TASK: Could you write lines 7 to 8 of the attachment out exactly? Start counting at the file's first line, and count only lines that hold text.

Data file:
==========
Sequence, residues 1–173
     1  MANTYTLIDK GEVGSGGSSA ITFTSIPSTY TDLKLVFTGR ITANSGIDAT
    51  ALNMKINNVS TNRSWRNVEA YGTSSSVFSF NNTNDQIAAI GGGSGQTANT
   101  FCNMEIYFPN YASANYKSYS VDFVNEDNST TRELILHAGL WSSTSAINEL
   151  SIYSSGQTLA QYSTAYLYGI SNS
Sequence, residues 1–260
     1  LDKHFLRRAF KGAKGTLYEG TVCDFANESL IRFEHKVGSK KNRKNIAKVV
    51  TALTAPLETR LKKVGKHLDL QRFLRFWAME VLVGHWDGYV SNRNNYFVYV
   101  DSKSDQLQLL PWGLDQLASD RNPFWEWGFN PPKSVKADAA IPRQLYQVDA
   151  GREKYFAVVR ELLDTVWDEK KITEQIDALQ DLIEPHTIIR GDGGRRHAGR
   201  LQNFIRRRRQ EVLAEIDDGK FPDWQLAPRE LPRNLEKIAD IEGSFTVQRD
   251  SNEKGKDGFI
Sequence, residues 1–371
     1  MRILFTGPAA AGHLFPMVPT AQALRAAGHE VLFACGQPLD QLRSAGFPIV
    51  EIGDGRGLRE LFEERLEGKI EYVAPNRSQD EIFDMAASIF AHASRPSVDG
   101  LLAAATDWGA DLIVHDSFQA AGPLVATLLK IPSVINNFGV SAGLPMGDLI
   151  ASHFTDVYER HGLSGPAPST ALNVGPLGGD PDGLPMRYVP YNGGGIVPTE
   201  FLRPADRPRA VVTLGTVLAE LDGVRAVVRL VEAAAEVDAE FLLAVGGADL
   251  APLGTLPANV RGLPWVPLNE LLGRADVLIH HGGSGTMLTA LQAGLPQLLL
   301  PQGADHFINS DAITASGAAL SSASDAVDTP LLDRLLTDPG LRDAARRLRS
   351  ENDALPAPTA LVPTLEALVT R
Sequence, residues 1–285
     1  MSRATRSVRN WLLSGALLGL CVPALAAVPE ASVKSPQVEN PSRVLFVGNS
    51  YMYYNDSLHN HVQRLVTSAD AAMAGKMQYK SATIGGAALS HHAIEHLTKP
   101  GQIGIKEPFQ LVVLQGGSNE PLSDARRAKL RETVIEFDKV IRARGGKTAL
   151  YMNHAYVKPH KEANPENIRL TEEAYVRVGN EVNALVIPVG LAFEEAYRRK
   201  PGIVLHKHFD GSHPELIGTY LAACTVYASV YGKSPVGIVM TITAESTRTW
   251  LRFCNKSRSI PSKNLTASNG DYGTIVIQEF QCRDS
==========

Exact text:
     1  LDKHFLRRAF KGAKGTLYEG TVCDFANESL IRFEHKVGSK KNRKNIAKVV
    51  TALTAPLETR LKKVGKHLDL QRFLRFWAME VLVGHWDGYV SNRNNYFVYV